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Ewan Q&A: On my day I know I can beat the best

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Caleb Ewan talks with the press ahead of the Tour de Yorkshire

Caleb Ewan talks with the press ahead of the Tour de Yorkshire
(Image credit: ASO)
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The 1.65m Caleb Ewan tries to give 1.90m Mat Hayman a hug after his stage win

The 1.65m Caleb Ewan tries to give 1.90m Mat Hayman a hug after his stage win
(Image credit: Tim de Waele/TDWSport.com)
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Winners are grinners, Simon Gerrans with Caleb Ewan (Orica-GreenEdge)

Winners are grinners, Simon Gerrans with Caleb Ewan (Orica-GreenEdge)
(Image credit: Fotoreporter Sirotti)
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Caleb Ewan battling the elements in Yorkshire

Caleb Ewan battling the elements in Yorkshire
(Image credit: Tim de Waele/TDWSport.com)
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Caleb Ewan (Orica-GreenEdge)

Caleb Ewan (Orica-GreenEdge)
(Image credit: Fotoreporter Sirotti)
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Caleb Ewan (Orica-GreenEdge)

Caleb Ewan (Orica-GreenEdge)
(Image credit: Fotoreporter Sirotti)
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Stage winner Caleb Ewan (Orica-GreenEdge)

Stage winner Caleb Ewan (Orica-GreenEdge)
(Image credit: Jayco Herald Sun Tour)

Ahead of the Giro d’Italia  Cyclingnews sat down with Caleb Ewan to talk about his rise through the ranks, that unique sprinting position and his path towards world sprinting domination.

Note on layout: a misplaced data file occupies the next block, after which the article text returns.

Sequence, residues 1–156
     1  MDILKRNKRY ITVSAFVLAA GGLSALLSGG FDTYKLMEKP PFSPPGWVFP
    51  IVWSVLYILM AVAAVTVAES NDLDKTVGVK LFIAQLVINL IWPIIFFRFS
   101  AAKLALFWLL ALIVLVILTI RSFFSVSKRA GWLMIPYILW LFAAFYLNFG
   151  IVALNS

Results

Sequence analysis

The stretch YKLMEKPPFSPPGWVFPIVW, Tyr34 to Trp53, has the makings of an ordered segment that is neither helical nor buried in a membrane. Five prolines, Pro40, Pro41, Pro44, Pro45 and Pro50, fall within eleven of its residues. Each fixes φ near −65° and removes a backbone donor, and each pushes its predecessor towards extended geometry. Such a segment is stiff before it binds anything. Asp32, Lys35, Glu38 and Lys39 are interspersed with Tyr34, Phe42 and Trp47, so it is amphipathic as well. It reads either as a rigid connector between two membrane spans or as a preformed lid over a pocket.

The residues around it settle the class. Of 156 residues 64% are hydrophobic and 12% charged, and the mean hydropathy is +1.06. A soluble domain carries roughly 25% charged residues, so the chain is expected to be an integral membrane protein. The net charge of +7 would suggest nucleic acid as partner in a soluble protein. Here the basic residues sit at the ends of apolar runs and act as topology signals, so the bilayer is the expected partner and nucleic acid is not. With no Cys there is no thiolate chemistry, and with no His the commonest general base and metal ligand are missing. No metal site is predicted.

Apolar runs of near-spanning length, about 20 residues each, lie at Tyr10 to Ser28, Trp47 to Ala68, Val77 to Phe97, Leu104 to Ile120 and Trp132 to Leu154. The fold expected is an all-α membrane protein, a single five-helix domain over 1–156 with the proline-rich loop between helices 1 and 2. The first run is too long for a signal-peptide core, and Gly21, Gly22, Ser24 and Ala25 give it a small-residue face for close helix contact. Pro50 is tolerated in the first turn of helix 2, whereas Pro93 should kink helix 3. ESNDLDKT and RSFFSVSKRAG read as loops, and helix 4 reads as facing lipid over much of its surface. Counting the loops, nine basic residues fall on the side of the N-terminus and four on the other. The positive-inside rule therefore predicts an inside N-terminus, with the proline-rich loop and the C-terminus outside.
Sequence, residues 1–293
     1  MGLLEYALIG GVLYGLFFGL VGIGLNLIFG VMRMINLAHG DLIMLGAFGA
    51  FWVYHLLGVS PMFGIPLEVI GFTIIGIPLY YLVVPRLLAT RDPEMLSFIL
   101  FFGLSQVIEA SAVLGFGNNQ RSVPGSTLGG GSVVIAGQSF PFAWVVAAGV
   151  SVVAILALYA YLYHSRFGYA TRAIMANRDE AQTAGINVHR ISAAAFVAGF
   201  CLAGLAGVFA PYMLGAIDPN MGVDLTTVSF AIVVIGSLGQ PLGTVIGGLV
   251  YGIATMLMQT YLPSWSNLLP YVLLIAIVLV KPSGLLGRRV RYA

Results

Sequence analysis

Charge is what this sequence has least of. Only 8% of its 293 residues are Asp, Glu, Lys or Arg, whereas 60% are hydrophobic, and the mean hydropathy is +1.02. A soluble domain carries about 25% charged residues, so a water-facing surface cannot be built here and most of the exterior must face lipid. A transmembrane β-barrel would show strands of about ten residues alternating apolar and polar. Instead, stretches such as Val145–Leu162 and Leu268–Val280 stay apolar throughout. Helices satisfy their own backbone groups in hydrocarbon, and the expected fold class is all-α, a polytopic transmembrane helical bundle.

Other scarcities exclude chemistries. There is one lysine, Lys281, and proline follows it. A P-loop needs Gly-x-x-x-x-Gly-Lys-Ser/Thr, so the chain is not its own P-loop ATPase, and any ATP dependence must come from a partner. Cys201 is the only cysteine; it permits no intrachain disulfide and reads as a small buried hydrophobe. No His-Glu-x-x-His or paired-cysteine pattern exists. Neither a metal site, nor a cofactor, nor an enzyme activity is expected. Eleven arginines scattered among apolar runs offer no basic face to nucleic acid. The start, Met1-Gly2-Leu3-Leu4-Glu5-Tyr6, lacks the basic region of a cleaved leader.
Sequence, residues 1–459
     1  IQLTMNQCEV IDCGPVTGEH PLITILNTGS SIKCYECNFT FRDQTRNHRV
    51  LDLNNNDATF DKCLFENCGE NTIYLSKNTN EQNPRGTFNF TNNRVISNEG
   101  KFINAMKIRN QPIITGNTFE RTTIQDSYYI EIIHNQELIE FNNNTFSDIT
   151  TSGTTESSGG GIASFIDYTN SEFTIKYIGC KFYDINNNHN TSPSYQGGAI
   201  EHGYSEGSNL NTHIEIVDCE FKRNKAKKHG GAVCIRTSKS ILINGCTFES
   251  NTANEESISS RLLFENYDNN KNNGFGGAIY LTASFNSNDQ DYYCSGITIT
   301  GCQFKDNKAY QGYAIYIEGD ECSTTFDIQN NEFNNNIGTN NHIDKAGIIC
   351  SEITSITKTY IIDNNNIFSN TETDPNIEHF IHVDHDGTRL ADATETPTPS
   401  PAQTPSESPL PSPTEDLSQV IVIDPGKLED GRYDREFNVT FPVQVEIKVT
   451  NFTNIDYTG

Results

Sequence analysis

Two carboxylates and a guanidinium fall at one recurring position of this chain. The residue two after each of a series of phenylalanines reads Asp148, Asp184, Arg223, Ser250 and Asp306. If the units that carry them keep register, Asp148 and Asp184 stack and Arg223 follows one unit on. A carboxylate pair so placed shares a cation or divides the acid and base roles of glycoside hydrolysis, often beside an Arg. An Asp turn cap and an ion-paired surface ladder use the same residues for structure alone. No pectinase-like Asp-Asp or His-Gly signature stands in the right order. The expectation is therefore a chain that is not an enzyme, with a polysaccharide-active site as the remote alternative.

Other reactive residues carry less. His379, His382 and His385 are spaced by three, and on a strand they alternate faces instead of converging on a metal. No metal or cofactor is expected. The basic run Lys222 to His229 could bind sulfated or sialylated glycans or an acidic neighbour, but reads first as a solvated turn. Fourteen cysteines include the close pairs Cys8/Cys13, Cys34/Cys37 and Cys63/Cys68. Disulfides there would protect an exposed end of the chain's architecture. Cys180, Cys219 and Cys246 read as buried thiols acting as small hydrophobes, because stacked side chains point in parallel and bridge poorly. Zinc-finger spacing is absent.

The Australian turned professional with Orica GreenEdge in 2015 and won a stage in the Vuelta a Espana on his debut. He’s targeting a number of stages in this year’s Giro.

Cyclingnews: For those of us who aren’t aware of how you got into cycling, can you bring us up to speed?

Caleb Ewan: So I started cycling when I was about 10. I never really started and thought that it would become a profession, I got into it because at that age you just ‘do sport’. I was combining cycling and rugby but pretty soon I moved completely into cycling. When I started I wasn’t actually great or even that good for a long time.

CN: Really? Can you define not being that good?

CN: Family. How supportive were they when you were coming through?

CE: My dad was also a cyclist but he quit when he was about 18. He started up again around a year before I started for fitness. At that age you follow what you’re dad is doing and it went from there.

CN: You made a name for yourself at very young age back in Australia. It was widely expected that you’d move up with Orica but how quickly did that move really come about?

CE: It wasn’t always on the cards that I’d come to Orica. When I was about 17 I started to realise that I could make it as a pro but it was 18 when I signed my pre-contract with Orica. They never really hassled me but when I was ready they came.

CN: Was there ever a thought in your mind that you were turning pro too young?

CE: No, not at all. I think a lot of the good riders will turn pro after a couple of years in the U23 ranks. I signed mine after a year at that level but that stipulated that I’d stay U23 for another season.

CN: Why Orica? Surely there’s more to it than the fact you’re both from the same nation.

CE: Definitely. It’s a team where I probably get the most opportunities. If I went to a team like Sky, where they are so focused on the GC, it would be harder. For a young sprinter to go there I think you’d lost and your career would go downhill. For a team like GreenEdge they have my best interests at heart and they want to see me do well. They’re going to really try and develop me.

CE: BMC, Sky and GreenEdge were the main three. That’s a good thing to have when you’re a young guy trying to turn pro. GreenEdge was the best bit?

CN: Has it been everything you’ve dreamed of and more?

CE: It’s been quite tough actually. Especially back home people that when you turn pro you have this nice life and it’s just about riding your bike and have coffees. It’s more than that, and you’re living by yourself on the other side of the world. There’s a step up in racing and I struggled a bit last year but in the long term I think it will be fine.